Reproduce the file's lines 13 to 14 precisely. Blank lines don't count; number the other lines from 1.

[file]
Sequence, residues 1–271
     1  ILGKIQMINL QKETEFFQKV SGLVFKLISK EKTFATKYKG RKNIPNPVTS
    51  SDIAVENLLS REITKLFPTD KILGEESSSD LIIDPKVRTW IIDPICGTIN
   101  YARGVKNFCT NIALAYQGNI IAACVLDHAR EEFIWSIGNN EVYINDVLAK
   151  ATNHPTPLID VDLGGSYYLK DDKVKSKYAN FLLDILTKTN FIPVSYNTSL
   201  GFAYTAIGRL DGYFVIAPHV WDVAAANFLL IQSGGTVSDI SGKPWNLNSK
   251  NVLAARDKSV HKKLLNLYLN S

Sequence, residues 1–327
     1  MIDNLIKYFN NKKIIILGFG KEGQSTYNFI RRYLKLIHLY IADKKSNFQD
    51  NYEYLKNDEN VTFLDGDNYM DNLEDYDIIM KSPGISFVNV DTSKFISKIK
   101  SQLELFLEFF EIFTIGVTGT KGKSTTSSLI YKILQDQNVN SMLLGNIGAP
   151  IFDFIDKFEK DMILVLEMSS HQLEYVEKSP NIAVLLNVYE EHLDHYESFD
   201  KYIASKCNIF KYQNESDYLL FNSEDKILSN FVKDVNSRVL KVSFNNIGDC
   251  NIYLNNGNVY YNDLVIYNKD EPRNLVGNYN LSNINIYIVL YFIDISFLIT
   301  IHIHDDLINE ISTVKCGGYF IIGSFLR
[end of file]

   201  KYIASKCNIF KYQNESDYLL FNSEDKILSN FVKDVNSRVL KVSFNNIGDC
   251  NIYLNNGNVY YNDLVIYNKD EPRNLVGNYN LSNINIYIVL YFIDISFLIT